Food stores represent the most important sales channels, accounting for roughly 44%. They are followed by discounters and supermarkets, which make up for another 17.4%. Interestingly enough, specialty tea shops are held in high esteem by a certain segment of customers. 17.2% of the total volume is being sold through these traditional outlets. Obviously it is the professional knowledge and counseling of the shop owners or operators combined with the exclusive offer on sale which the true tea lovers seek. The gastronomy including caterers and other consumers at large account for 4.3% followed by mail orders with another 4%. This leaves 11.8% for various other but not specified outlets including small retailers.

India Stays Number One Supplier
In 2003 Germany imported 59,205 tons of tea, some 7,303 tons more than in the year before. India is traditionally the most important supplier. In 2003 it exported 7,618 tons or around 13% of the total volume. Indonesia and China shared second place with another 12.5% each, followed by Sri Lanka with 9.4% or 5,542 tons and Africa with another 3,756 tons or 6.3% Amongst the African tea suppliers Kenya has managed to maintain its 15% share of African deliveries over the past years.

25,419 tons of the German imports were re-exported after value-adding mostly to EU countries such as the Netherlands, France, Sweden, Austria, and even to the U.K., the famous motherland of the tea drinking habit. These were some 681 tons more than in the previous year. Some smaller volumes were exported to third countries, for example the U.S. Germany, thus, is an important hub for the international tea trade.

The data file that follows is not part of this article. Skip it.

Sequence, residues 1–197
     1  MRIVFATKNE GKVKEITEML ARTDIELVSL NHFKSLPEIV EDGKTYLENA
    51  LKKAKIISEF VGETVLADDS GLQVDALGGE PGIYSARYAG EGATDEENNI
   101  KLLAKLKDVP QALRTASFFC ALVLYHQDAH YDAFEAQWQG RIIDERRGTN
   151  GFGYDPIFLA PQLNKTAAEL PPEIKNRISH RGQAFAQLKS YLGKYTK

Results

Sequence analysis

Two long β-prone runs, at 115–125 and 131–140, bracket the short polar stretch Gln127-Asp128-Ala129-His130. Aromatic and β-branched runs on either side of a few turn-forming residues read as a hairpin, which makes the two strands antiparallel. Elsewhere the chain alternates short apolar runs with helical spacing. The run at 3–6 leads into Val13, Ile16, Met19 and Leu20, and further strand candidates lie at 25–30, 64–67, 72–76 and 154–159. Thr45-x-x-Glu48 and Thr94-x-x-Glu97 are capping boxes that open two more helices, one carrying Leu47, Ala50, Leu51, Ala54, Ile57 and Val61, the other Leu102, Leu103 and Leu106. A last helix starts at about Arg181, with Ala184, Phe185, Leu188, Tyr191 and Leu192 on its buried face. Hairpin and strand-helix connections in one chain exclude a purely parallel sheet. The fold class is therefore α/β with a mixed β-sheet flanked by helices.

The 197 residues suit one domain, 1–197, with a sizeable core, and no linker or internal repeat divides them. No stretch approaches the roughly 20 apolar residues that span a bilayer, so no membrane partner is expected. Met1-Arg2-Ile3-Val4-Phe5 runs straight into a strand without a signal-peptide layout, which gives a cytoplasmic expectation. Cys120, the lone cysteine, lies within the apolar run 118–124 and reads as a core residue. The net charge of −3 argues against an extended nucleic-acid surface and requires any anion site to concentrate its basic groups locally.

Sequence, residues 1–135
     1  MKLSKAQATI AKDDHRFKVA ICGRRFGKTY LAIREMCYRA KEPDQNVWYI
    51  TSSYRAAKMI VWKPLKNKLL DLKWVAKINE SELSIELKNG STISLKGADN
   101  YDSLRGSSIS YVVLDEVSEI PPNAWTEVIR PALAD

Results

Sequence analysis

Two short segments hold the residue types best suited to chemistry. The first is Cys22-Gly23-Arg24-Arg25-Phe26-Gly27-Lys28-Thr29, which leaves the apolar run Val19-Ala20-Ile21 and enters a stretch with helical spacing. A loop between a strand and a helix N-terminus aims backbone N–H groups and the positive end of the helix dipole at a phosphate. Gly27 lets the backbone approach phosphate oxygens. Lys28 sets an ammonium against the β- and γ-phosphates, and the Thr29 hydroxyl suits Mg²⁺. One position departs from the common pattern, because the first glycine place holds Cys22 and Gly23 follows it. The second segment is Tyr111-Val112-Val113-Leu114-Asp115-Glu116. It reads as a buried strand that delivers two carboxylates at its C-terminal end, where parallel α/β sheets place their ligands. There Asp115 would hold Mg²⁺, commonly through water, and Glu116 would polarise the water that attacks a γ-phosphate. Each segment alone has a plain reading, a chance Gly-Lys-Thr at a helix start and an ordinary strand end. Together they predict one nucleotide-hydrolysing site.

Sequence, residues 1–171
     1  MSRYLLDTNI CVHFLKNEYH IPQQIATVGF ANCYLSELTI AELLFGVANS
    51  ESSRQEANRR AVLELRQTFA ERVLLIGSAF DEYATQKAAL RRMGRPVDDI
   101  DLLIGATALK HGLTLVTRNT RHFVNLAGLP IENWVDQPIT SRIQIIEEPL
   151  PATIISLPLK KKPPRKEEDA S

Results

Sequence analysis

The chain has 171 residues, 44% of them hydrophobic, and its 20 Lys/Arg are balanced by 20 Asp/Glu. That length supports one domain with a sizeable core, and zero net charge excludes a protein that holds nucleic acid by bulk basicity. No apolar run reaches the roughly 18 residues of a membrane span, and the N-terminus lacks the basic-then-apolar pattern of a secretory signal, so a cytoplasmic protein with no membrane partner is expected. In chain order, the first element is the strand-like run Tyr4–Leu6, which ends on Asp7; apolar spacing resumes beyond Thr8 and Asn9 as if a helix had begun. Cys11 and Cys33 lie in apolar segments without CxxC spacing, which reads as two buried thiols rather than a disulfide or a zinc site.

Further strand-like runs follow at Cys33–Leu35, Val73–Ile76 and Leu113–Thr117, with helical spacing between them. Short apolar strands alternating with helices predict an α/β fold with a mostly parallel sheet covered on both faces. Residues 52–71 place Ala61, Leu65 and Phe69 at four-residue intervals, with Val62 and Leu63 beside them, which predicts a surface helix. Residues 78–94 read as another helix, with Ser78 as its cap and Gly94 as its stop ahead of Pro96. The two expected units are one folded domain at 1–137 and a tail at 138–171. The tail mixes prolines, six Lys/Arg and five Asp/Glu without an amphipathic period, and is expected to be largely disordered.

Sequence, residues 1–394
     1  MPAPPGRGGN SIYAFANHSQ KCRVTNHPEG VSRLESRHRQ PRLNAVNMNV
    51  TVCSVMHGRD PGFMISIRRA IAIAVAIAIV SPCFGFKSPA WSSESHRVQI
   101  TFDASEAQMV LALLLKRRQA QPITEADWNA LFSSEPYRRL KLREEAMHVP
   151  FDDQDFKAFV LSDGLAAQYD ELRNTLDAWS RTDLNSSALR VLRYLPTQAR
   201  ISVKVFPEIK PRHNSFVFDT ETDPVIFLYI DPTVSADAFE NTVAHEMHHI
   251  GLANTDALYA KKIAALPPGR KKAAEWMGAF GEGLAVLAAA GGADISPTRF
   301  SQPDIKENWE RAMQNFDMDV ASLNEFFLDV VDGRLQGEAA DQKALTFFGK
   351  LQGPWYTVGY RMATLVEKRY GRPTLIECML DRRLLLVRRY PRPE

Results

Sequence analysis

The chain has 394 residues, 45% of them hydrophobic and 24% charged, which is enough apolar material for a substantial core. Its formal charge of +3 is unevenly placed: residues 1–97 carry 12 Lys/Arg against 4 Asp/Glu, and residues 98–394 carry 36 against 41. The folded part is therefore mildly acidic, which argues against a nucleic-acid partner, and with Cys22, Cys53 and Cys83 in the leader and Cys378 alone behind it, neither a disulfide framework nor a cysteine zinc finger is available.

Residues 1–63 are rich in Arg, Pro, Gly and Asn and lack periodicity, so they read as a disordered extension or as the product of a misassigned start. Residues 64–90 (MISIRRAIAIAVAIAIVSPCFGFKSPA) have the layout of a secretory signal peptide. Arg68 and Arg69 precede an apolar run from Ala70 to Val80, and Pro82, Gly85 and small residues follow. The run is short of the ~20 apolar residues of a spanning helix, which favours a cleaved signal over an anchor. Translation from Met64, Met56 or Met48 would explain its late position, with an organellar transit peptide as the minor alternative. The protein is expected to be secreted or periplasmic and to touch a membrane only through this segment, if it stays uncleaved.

Worldwide Boom Beverage
Internationally there is a growing tea trend, too. Tea production increased by 40,681 tons to 3,096,707 tons. India was the most important tea grower. Its production accounted for 857,055 tons. However, it exported only 165,000 tons, while the rest was consumed domestically. The annual per capita consumption in India averages some 660 grams of tea as to 250 grams for example in Germany. In contrast, Sri Lanka, which produces considerably less tea than India, exported 291,891 tons or 96% of its production, making it the Number One exporter worldwide. Third place of tea exporting countries is held by Kenya with some 268,801 tons of exports or 92% of its production.

The coming tea year will be, according to Spethmann, another good one. “Tea held firm in 2003, when circumstances were difficult. Recent consumer surveys indicate that people stay attracted to tea because of the vast range of flavors and because they enjoy the pleasant effects of tea drinking. This makes tea an every day’s drink just right for any occasion.”

Another indicator of tea’s attractiveness is the gradual appearance in Germany of stylish tea shops where all kinds of freshly brewed specialty teas are served. They can be compared with coffee shops. Experts believe that it is only a matter of time that people can buy “tea to go” as is the case with coffee in coffee shops.

As a hot beverage tea is naturally a favorite during the cold season. However, hot tea is also a good thirst quencher in summer. This is demonstrated by the tea drinking habits in such warm nations like Sri Lanka, India or Tunisia. “Even in summer time you can find hot tea refreshing, particularly when the temperatures are soaring”, says Spethmann. He does know, because you will scarcely observe him without having a good cup of tea in hand, whether in winter or summer months.


Tea & Coffee - July/August, 2005
Coffee & Tea Fest

Tea Fair - China